Governor Andy Beshear signed into law one KLC initiative, legislators sent another to the governor’s desk, while committees cleared two other measures.
KLC Executive Director/CEO J.D. Chaney and Director of Public Affairs Bryanna L. Carroll joined Governor Beshear as he signed Senate Bill 106. Senator Robby Mills (R-Henderson) sponsored the measure that offers an administrative solution for inactive cities. The bill creates a process by which the Department for Local Government can dissolve cities with no elected officials and do not collect funds.
Senate Bill 106 outlines how a city or resident can contest dissolution, including requiring a hearing at the city in question.
Senators approved House Bill 307 on consent. Representative Bart Rowland (R-Tompkinsville) sponsored the bill that now heads to the governor. House Bill 307 updates investment guidelines for liability and workers’ compensation self-insurance groups. It is the first update to the statutes since their adoption. The measure will give insurance pools options to diversify risk and enhance yields while protecting assets.
Committees cleared two other KLC initiatives.
House Bill 414 addresses several law enforcement issues. Representative John Blanton (R-Salyersville) sponsored the bill that creates options that should help cities recruit and retain quality police officers.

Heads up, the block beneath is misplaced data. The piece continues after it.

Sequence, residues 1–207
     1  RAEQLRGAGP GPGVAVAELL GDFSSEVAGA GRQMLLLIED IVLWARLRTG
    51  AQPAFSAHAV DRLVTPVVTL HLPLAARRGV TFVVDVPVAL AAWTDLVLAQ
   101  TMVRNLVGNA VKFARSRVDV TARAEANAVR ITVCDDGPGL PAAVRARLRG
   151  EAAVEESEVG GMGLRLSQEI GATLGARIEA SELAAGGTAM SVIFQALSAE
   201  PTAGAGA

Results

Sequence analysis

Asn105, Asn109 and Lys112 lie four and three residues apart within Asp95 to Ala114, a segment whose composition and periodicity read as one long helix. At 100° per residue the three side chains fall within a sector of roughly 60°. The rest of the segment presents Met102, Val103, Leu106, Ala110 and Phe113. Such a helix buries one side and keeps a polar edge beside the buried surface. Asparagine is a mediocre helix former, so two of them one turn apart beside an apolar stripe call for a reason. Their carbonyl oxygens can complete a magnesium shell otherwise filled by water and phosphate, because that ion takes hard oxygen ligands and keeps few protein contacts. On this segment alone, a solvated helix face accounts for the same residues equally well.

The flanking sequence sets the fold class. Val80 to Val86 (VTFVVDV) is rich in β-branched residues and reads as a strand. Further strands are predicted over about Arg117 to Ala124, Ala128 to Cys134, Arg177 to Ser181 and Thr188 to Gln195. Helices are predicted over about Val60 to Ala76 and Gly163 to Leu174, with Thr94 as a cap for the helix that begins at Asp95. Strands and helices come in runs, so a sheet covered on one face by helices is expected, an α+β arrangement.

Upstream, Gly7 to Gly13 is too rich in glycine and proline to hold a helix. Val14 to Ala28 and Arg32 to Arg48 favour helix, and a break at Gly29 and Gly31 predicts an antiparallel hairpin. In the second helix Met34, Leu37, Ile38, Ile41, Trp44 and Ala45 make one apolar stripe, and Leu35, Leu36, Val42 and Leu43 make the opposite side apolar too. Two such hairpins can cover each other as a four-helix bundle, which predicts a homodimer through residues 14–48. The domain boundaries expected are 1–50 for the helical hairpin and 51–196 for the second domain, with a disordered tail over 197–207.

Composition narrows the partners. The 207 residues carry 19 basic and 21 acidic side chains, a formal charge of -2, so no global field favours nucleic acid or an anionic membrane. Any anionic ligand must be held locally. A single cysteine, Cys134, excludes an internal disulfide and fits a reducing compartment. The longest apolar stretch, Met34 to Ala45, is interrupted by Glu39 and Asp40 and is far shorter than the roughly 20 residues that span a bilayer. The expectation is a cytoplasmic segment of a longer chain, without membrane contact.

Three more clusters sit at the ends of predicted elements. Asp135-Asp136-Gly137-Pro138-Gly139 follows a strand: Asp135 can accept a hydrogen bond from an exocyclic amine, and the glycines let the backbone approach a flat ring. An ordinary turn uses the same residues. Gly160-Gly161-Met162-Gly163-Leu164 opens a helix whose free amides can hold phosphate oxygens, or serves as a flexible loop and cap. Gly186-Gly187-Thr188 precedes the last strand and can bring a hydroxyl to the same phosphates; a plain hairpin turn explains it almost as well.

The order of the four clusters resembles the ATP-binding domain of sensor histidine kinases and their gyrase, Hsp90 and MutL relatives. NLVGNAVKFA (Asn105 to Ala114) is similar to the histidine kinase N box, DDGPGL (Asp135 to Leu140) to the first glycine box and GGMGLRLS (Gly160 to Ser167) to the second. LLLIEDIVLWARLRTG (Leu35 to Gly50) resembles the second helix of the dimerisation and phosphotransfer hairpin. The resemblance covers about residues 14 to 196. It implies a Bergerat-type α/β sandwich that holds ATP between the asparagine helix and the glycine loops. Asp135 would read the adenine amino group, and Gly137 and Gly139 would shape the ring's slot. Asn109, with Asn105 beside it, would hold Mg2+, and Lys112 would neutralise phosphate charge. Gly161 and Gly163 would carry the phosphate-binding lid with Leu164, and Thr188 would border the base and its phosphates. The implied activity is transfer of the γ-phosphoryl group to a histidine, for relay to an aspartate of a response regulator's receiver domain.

The measure gives departments scheduling flexibility, allowing for an 80-hour pay period over two weeks instead of the traditional 40-hour, 7-day workweek. The bill also allows cities to employ more retired police officers without the requirement to make pension contributions, removes the maximum age at which cities can hire new officers, and clarifies the process by which someone can file a complaint.
The Senate Veterans, Military Affairs, and Public Protection Committee unanimously approved House Bill 414, and the Senate is expected to give the bill final passage next week.
The House Transportation Committee approved Senate Bill 124. Senator Phillip Wheeler (R-Pikeville) sponsored the measure that includes language from Senator Mike Nemes (R-Shepherdsville), which provides options for municipalities to protect city streets from heavy trucks.
The House could vote on Senate Bill 124 next week, sending it back to the Senate for concurrence.
Legislators return on Friday for day 56 of the 2022 session. They will be in session on Tuesday and Wednesday of next week before breaking for a 10 day veto period.